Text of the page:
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Carter G. Woodson

It’s Black History Month – Let’s Create Tomorrow’s Story

Black History Month was created as an effort to bring to light the great impact of Black People in the United States that had traditionally been ignored in the telling of the stories that shaped this country. During this month we share the highlights of great History Makers like Carter G. Woodson, historian, who is credited as the Founder of Black History Month. He was one of the first Black Americans to graduate from Harvard. He authored many books including “The Miseducation of the Negro.” Justice Thurgood Marshall is one of my professional heroes. While denied entry into the University of Maryland Law School based upon race, that rejection enabled him to attend Howard Law School. His professional achievements included ending legalized segregation with Brown v. Board of Education. He was the first Black Supreme Court Justice. His life changed the world.

My favorite (s)hero outside of my mother is Osceola McCarty. I have many times referenced this woman who was conceived in rape and did not receive more than a sixth-grade education but created an incredible legacy. Her “profession” was that of a washer woman in Mississippi. Before she passed away she was able to donate $150,000 to create a scholarship for the University of Southern Mississippi. By living her values and well below her means she was able to create a legacy that should be an example to all.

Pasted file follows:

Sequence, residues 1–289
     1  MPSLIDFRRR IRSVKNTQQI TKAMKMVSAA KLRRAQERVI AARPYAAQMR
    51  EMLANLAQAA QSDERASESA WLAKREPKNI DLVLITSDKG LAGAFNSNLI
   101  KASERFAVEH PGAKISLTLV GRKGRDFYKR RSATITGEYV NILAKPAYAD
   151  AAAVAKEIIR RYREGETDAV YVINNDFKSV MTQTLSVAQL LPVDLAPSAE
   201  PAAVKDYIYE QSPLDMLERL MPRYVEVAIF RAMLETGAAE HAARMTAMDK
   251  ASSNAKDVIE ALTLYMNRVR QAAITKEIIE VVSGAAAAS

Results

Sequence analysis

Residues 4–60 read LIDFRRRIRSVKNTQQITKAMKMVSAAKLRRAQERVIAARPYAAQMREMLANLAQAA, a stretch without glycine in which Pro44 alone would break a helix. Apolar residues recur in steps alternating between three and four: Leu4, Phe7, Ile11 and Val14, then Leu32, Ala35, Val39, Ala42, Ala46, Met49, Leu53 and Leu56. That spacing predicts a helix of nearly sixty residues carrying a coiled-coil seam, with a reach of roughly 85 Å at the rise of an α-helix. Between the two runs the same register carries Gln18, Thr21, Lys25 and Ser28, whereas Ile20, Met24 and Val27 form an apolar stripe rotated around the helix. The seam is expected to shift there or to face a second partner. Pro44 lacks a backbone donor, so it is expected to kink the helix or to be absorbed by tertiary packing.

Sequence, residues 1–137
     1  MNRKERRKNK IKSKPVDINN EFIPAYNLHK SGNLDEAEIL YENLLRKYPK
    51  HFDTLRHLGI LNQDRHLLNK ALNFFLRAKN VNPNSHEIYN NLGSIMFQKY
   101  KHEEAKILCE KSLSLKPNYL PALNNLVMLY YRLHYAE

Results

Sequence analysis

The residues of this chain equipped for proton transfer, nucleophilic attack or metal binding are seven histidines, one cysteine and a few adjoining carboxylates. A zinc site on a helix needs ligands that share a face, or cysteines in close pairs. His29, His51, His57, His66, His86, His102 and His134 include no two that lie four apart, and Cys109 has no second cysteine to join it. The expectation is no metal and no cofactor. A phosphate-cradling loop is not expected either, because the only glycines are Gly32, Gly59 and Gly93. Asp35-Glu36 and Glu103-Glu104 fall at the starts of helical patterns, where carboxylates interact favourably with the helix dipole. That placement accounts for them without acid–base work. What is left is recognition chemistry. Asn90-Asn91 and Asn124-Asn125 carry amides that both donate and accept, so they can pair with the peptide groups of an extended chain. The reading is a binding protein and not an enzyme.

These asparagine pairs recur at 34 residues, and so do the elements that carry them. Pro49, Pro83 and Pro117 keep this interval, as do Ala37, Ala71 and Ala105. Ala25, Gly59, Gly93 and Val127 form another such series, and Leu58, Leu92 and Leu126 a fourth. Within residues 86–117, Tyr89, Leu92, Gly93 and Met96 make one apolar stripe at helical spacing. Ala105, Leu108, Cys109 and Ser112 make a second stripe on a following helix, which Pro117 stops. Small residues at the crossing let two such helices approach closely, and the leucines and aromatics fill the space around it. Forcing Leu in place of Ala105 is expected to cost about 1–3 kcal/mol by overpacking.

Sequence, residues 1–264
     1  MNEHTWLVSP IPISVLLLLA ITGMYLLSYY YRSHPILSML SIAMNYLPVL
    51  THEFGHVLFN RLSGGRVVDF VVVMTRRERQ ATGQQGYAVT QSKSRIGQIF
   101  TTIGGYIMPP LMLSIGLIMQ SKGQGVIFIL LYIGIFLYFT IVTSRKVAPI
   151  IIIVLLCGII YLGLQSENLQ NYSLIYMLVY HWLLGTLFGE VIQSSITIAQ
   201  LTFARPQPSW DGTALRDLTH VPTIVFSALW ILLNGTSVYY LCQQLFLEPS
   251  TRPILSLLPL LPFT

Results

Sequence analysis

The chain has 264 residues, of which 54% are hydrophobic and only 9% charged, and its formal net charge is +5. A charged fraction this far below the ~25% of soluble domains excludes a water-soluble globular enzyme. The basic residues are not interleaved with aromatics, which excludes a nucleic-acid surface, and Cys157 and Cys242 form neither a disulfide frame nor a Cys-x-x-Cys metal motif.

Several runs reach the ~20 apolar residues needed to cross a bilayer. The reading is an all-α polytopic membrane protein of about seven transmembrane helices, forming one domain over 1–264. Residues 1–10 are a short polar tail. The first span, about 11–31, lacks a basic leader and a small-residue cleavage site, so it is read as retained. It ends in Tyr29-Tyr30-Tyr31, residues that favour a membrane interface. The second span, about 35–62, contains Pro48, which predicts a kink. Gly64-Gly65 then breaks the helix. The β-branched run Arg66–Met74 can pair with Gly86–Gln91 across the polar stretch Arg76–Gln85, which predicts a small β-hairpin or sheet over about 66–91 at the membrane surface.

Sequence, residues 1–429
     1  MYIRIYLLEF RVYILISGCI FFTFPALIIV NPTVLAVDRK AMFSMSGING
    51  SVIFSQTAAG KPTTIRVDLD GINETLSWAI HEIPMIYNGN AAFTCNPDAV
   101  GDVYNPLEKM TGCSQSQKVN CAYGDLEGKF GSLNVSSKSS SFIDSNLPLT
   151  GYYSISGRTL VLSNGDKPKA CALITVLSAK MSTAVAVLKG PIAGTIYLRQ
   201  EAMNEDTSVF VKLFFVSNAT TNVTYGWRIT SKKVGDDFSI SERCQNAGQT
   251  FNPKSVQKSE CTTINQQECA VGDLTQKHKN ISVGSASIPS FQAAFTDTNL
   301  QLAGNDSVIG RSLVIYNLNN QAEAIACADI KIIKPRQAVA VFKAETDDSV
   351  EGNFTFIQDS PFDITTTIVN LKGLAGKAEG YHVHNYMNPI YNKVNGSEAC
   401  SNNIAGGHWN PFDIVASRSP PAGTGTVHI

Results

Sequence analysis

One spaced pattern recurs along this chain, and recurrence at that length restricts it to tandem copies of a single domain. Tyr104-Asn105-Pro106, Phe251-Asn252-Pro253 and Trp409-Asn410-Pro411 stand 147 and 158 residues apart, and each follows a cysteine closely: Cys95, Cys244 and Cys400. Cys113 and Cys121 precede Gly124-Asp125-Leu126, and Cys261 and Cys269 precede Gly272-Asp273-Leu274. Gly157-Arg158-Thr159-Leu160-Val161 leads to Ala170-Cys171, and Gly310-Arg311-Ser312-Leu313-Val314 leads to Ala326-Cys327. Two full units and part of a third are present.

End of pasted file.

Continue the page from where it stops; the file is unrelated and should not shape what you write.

This Sunday’s message at my church was based on “the parable of the talents.” The story in Matthew describes a man who was going away and entrusted his servants with his property. To one he gave five talents. A talent was a monetary unit worth about 20 years’ wages for a laborer to another two talents, to another one talent, to each according to his ability. The servants who were given five and two talents doubled the investment. The servant who received just one talent buried it and returned it just as received to the owner. The owner was angry stating that the very least that could have been done was to deposit for meager interest into a savings account.

We each are given talents according to our own ability. The talents are wide and varied. We are each called to be stewards of the talent. We make a commitment to invest or we hide our talents and gifts. I believe that to whom much is given much is required. I also believe that we each have been given much. The gift of life is much. Therefore, we commit or hide our talents and gifts to leave a legacy and be history makers for the people we love.

I encourage us each to create a legacy that is impactful. We can do that with substantial treasure, time and/or talent. Yet we have a great capacity to leave the world better than we found it by employing our talents. Our legacy will not be the first Black Supreme Court justice or the Father of Black History because they have already come. But we were each created for a specific purpose and this specific time. Let’s make our contribution to the History books (be it the family bible, the local community newspaper or The Washington Post/New York Times. We can create a legacy of greatness once we make the decision; employ the discipline and determination to do so.

By: Aimee D. Griffin, Esq.

Featured in The Washington Informer – February 2016

About the Author

Aimee GriffinAttorney Aimee Griffin has committed her life to creating opportunities for equity and enhancement for all people. In that stead, she has fought for economic, social and educational justice for those who have been denied. Aimee works with individuals to create wealth and maintain it through generations through business and estate planning support. Aimee is a business and entrepreneurship development professional. She has worked with individuals to become entrepreneurs. This is completed through strategic business planning and business development coaching.View all posts by Aimee Griffin →

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